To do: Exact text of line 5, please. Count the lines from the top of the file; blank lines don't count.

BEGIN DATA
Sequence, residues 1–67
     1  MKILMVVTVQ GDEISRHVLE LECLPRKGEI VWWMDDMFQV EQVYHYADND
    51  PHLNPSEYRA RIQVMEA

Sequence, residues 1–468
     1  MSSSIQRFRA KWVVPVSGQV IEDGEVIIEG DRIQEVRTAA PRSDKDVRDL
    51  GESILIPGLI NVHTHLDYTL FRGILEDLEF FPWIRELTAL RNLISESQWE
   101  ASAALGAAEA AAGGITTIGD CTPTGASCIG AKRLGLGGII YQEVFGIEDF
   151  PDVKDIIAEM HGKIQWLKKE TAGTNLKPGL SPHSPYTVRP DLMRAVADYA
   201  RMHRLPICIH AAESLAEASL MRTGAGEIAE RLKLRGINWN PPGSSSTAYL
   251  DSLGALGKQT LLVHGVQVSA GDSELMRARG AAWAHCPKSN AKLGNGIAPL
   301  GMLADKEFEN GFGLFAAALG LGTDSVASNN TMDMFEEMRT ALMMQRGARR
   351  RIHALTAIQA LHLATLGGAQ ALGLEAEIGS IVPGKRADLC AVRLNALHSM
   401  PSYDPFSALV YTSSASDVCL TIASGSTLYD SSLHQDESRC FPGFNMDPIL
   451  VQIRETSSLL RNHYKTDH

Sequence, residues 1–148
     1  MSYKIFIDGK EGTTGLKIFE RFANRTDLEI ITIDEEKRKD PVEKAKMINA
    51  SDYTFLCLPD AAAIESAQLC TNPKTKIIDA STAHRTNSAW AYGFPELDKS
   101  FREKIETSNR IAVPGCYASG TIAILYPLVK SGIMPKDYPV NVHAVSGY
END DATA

     1  MSSSIQRFRA KWVVPVSGQV IEDGEVIIEG DRIQEVRTAA PRSDKDVRDL